A Dallas City Council committee approved a “Comprehensive Statement of Support” on Tuesday that would allow staff to address various issues affecting the city’s LGBT employees and residents.
The Budget, Finance & Audit Committee voted 4-1 to approve the LGBT equality resolution, which now goes to the full City Council. Those voting in favor of the resolution were Committee Chair Jerry Allen, Mayor Pro Tem Tennell Atkins, Councilwoman Jennifer Staubach Gates and Councilman Philip Kingston. Anti-gay Councilman Sheffie Kadane voted against the resolution.
The resolution doesn’t call for specific action but would direct staff to work on several areas, including disparate treatment of LGBT employees when it comes to pensions and benefits; improving the city’s score on the Human Rights Campaign’s Municipal Equality Index; and lobbying for pro-equality state and federal legislation.
If the resolution is approved by the full council, any specific measures would come back to the committee to sign off on individually.
“This is a vision. It simply sets a vision,” interim assistant city manager Theresa O’Donnell told the committee. “I’m sure there will be a lot of discussion and disagreement about the individual points.”
The vote came almost eight months after the City Council failed to take up another LGBT equality resolution authored by Councilman Scott Griggs. Amid the controversy over last year’s resolution, Allen agreed to take up LGBT initiatives in his committee, which has now been briefed on the subject at three consecutive meetings. Unlike the previous resolution, the current one doesn’t include same-sex marriage.
The decision to put forward the resolution approved Tuesday was a last-minute one, according to O’Donnell, who has been working on the proposal with the city’s LGBT Task Force. O’Donnell initially planned to request the committee’s permission to draft a resolution, which would then be presented to the full council. But LGBT Task Force members and some council members decided they wanted to take concrete action at Tuesday’s meeting.
Atkins and Gates initially appeared reluctant to vote on the resolution, since they had received it only minutes before the meeting.
“We can move it forward, but there’s got to be an understanding that it will come back to this committee and re-vet it back out,” Atkins said. “We’re not passing a resolution saying this is what we’re going to do. This is just a process.”
Gates said she was concerned about spending money to improve the city’s score on the Municipal Equality Index, when there could be indexes related to other minority groups on which it scores lower.
Kingston, a strong LGBT ally, assured Atkins and Gates that the text in the resolution was no different from what was on the slides in O’Donnell’s PowerPoint presentation to the committee.
“I don’t think you’re going to wind up having been committed by this vote to a position that later you’re not OK with,” Kingston said.
After voting against the measure, Kadane said he thought the words “gay” and “lesbian” should have been removed from the resolution.
“It should affect all of the citizens of Dallas, and not just the gay and lesbian groups, and that’s where I’m opposed to it,” Kadane said.
Allen, the committee chair, responded and appeared to address Kadane’s anti-gay religious views.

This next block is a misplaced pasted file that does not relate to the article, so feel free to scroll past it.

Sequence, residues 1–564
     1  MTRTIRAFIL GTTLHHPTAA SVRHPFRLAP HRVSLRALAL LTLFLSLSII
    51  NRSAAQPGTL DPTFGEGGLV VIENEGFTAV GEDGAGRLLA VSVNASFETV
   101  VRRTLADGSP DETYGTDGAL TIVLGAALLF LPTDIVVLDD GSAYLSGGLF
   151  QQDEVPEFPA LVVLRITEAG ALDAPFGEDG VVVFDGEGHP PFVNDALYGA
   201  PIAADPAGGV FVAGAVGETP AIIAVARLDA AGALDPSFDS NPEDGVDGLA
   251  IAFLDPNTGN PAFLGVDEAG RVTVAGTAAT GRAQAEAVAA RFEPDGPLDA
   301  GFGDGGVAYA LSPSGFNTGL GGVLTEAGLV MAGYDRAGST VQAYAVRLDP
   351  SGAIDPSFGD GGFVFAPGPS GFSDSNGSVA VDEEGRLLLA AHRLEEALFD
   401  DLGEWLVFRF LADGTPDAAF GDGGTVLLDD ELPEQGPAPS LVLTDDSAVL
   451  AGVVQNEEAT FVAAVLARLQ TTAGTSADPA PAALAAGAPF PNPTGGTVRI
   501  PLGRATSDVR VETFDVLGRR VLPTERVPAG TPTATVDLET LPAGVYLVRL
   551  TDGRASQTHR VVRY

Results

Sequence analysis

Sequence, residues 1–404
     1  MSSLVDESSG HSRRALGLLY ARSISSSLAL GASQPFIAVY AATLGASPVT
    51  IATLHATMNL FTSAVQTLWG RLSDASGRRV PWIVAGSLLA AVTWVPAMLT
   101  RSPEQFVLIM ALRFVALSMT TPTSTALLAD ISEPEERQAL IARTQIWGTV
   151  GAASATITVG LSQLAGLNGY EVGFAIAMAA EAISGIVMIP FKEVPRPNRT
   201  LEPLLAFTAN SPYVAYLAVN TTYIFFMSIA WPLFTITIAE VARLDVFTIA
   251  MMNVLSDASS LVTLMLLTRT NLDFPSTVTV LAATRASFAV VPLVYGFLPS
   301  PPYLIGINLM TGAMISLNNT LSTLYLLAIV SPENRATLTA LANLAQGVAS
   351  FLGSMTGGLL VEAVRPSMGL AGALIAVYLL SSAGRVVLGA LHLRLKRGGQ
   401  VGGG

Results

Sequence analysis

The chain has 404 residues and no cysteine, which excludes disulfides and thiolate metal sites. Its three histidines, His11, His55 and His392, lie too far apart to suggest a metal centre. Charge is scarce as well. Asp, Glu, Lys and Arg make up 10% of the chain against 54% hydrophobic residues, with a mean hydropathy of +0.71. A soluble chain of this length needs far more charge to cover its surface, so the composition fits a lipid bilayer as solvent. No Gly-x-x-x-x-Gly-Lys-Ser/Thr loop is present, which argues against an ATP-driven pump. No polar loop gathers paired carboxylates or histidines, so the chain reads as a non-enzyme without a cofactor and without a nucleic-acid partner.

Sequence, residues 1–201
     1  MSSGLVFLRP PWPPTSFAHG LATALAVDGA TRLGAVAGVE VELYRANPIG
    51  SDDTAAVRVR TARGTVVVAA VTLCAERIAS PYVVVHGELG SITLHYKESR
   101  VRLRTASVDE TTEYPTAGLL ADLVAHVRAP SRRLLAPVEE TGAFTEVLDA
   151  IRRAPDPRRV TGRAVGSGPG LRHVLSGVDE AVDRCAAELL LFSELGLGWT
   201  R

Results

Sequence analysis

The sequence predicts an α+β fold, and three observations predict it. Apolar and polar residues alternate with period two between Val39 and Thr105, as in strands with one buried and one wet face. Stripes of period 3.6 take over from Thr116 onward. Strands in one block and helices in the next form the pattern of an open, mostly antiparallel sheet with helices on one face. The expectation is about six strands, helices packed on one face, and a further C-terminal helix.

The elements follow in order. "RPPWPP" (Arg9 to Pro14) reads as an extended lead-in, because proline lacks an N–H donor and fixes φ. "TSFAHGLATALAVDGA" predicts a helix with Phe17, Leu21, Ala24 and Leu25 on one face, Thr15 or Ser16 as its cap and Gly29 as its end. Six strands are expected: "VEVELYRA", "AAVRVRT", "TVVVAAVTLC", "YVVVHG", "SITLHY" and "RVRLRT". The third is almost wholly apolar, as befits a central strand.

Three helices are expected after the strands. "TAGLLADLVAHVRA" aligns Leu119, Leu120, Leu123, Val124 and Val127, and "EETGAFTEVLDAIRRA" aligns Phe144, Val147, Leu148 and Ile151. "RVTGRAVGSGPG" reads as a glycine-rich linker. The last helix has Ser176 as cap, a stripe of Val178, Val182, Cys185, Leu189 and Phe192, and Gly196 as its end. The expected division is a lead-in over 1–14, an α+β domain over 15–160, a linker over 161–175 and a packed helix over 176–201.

“The second greatest commandment is love your neighbor as yourself,” Allen said. “We’re all neighbors, and that’s really what this is about.”
At the end of the discussion, several audience members who said they were against the resolution requested an opportunity to address the committee, but Allen wouldn’t allow it. The audience members could be seen huddling with Kadane after the meeting.
Before voting on the resolution, committee members heard from Cathryn Oakley, legislative counsel for state and municipal advocacy at the Human Rights Campaign in Washington, D.C. Oakley is the author of HRC’s Municipal Equality Index, which last year ranked 291 cities nationwide according to LGBT-friendliness. Dallas received an 81 out of 100 on the MEI, below Austin, Fort Worth and San Antonio.
Also addressing the committee was openly gay Fort Worth Councilman Joel Burns, who recounted how his city addressed LGBT issues following the Rainbow Lounge raid in 2009 — on its way to earning a score of 91 on the MEI in 2013.
“I would not advise that the city of Dallas go about it the same way the city of Fort Worth did,” Burns said, referring to the raid of the gay bar by Fort Worth police and the Texas Alcoholic Beverage Commission.
But Burns said following the raid, Fort Worth formed an LGBT Task Force that made 19 recommendations that have since been approved by the City Council, including mandatory diversity training for all employees — which Dallas doesn’t currently do.
“It isn’t crazy stuff,” Burns said of the training. “It isn’t how to wave a rainbow flag. It is basic decency in the way you treat people.”
Burns told the committee the LGBT initiatives have made Fort Worth more competitive in attracting employees and businesses.
Patti Fink, president of the Dallas Gay and Lesbian Alliance and a member of Dallas’ LGBT Task Force, also addressed the committee,
“We think it’s important that you know that the LGBT Task Force supports not only the staff presentation but also its recommended actions,” Fink said. “We wholeheartedly support their approach today.”
Several other LGBT advocates also attended the meeting, including Nell Gaither of Trans Pride Initiative, Omar Narvaez of Lambda Legal, Rafael McDonnell of Resource Center, Jeff Strater of HRC’s DFW Steering Committee and North Texas GLBT Chamber of Commerce President Tony Vedda.
The two pages of the resolution are below.